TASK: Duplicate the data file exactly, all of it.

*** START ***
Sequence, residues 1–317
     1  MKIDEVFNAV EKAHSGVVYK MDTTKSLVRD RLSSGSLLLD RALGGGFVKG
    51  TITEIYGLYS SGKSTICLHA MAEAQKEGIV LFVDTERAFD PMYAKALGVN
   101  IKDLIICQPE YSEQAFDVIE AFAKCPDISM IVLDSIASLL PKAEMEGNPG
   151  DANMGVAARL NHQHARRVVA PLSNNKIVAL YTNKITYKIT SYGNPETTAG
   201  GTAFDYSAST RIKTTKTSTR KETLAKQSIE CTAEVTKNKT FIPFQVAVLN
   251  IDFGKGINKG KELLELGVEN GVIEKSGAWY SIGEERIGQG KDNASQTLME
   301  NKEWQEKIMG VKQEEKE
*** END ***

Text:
Sequence, residues 1–317
     1  MKIDEVFNAV EKAHSGVVYK MDTTKSLVRD RLSSGSLLLD RALGGGFVKG
    51  TITEIYGLYS SGKSTICLHA MAEAQKEGIV LFVDTERAFD PMYAKALGVN
   101  IKDLIICQPE YSEQAFDVIE AFAKCPDISM IVLDSIASLL PKAEMEGNPG
   151  DANMGVAARL NHQHARRVVA PLSNNKIVAL YTNKITYKIT SYGNPETTAG
   201  GTAFDYSAST RIKTTKTSTR KETLAKQSIE CTAEVTKNKT FIPFQVAVLN
   251  IDFGKGINKG KELLELGVEN GVIEKSGAWY SIGEERIGQG KDNASQTLME
   301  NKEWQEKIMG VKQEEKE